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I'd like to implement two way communication between a cross platform mobile client (Android, PC - written in Java and iOS written in Objective-C) and my Google AppEngine (Java) server. It should:

  1. Allow each side to initiate the communication (after the client connects).
  2. Have relatively short latency (polling every X seconds is problematic, and to my understanding, since it's on AppEngine, long polling an http request is not an option).
  3. Support messages that are at most few KB of text, and usually much smaller.

I have considered using the Channel API with some reverse engineered Java client, but this seems like taking a chance (since it isn't officially supported). Also, I'm not even sure there is a solution for Objective-C, and I prefer not to dive in and implement it myself.

I then considered using XMPP. However, I'm not sure how this is possible without having my users enter a Jabber account, which I cannot (the communication is in the background). Is there a way to create a temporary user for my client?

C2DM doesn't seem like a good option either. It's not cross platform, it seems very focused on "notification" and not communication, and makes no guarantees on the success of message transfer.

Or perhaps there is a completely different approach I haven't thought of? This type of communication is relatively new to me.



Since I'm looking for background communication, a new option came to mind: A single XMPP user, with resources as client identifiers. Meaning, I'll create a single XMPP user for my app once (something like: ""), and have the clients connect with their own unique ID as a resource (""). Are there any drawbacks or severe security flaws to this method?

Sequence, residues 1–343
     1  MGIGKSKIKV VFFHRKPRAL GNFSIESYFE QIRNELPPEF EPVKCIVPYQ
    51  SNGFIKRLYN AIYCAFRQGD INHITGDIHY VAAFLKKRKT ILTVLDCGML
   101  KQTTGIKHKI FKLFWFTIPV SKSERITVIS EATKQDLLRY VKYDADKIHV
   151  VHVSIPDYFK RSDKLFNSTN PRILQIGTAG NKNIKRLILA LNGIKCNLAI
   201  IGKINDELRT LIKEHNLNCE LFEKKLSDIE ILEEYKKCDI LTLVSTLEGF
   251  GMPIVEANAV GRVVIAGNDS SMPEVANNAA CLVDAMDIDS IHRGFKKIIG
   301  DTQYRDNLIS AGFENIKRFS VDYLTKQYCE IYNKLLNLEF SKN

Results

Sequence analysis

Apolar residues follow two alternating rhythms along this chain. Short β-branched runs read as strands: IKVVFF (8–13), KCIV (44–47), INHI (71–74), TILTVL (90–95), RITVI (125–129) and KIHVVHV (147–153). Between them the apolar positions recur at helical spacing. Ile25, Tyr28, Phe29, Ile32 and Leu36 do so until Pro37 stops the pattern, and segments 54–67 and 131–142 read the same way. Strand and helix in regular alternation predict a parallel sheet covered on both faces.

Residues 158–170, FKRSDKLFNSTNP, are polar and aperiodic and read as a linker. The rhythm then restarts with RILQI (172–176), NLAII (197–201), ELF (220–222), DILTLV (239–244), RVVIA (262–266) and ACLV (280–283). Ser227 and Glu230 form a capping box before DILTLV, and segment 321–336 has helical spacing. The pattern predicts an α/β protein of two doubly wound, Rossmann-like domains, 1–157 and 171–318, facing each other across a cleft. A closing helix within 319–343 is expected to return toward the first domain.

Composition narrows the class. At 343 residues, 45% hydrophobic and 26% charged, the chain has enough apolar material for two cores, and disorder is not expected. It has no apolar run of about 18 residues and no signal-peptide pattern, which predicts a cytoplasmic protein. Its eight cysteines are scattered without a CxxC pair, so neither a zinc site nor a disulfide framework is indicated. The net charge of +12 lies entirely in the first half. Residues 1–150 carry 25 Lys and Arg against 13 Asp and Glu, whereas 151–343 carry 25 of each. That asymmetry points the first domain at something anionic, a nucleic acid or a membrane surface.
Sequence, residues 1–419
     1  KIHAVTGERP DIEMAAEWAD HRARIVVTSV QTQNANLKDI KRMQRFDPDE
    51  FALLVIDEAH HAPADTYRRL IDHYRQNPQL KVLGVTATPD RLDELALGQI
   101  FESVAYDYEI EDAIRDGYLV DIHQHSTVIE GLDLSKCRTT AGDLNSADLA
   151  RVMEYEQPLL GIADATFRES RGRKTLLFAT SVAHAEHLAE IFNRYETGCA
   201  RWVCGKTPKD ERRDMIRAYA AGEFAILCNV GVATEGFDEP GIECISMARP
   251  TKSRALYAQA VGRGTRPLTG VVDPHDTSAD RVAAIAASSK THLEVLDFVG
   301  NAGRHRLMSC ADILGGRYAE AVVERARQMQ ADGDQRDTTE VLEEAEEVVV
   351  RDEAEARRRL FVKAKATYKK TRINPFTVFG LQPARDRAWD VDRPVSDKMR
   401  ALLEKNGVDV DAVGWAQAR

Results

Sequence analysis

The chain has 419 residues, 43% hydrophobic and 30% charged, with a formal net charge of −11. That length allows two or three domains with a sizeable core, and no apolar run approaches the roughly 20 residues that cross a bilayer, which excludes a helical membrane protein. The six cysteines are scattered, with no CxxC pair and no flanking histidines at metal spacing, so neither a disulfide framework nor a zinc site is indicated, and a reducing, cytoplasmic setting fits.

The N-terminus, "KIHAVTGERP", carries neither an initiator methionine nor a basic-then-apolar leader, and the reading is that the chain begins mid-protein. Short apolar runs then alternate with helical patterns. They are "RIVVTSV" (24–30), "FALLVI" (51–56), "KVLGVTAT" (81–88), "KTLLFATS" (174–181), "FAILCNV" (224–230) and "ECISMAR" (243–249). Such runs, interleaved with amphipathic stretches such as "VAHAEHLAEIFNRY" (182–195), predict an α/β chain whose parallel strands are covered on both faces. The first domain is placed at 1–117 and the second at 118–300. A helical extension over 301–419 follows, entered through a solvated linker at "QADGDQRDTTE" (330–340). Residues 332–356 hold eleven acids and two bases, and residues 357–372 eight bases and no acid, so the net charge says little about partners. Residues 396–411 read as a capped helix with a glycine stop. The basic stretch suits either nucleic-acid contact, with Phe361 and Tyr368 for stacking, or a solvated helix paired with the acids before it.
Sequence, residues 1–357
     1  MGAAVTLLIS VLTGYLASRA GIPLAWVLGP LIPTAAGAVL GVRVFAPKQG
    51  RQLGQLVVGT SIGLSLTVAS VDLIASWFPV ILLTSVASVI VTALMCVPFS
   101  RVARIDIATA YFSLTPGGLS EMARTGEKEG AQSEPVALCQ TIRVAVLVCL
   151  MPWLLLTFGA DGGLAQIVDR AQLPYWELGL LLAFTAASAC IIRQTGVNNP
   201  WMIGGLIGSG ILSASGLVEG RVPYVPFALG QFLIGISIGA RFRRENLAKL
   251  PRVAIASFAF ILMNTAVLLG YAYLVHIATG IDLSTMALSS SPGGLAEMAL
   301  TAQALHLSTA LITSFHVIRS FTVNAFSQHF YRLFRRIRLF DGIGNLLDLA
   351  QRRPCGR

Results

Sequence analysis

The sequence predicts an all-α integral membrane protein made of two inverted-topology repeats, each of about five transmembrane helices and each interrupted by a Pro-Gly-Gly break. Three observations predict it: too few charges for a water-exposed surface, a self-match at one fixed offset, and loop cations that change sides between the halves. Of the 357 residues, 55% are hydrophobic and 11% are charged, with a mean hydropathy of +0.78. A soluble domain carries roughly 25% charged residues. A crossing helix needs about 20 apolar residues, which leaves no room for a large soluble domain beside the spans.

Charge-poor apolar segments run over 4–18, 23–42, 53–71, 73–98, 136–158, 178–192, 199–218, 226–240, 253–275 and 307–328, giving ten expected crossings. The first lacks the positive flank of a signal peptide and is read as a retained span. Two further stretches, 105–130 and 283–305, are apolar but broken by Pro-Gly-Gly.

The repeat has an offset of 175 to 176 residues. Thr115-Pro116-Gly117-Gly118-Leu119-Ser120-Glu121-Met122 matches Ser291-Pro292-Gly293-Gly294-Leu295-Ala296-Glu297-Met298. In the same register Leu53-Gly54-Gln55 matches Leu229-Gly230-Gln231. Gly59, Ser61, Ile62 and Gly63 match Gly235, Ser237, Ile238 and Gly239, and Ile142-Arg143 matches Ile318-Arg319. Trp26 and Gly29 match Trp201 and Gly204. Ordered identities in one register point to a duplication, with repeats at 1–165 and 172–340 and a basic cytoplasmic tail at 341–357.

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For the communication from server to client, have you considered a third-party push solutions such as ? – Ibrahim Arief Jan 31 '12 at 9:30
Thanks. I haven't found solutions that meet all the requirements stated above. Specifically, correct me if I'm wrong, but beaconpush aims for web pages (using javascript, etc.), while I need communication with my native applications. – DannyA Jan 31 '12 at 9:59
I admit I haven't use beaconpush from native clients as per your question, but I got the impression that their underlying API is a REST API and writing a client that communicates with their API should be feasible for native environment that allows HTTP requests. I saw one lightweight C# client on their open source contributions page so I thought a port of the client to Objective-C and Java is possible. – Ibrahim Arief Jan 31 '12 at 10:12
I'm not sure how a REST API can help here... the server can't access my client application using an http request. I can only use long polling on the server from the app, and here it isn't even on my own server. It seems like a too complicated and inefficient approach, doesn't it? – DannyA Jan 31 '12 at 10:19
From your requirements, I'd had thought to XMMP, too. Google app engine natively supports XMPP. On the Android this shouldn't be too difficult (a service has a XmppConnectionAdapter, get the degault gmail account with manager.getAccountsByType("")). On iOS, I don't know. – rds Jan 31 '12 at 14:22

Two options I can think of:

  • You could embed an HTML page in your Java app and use the Channel API for its anonymous endpoints. Then signal out to your app when you get a message. This won't be subject to vagaries of changes in the Channel API's implementation.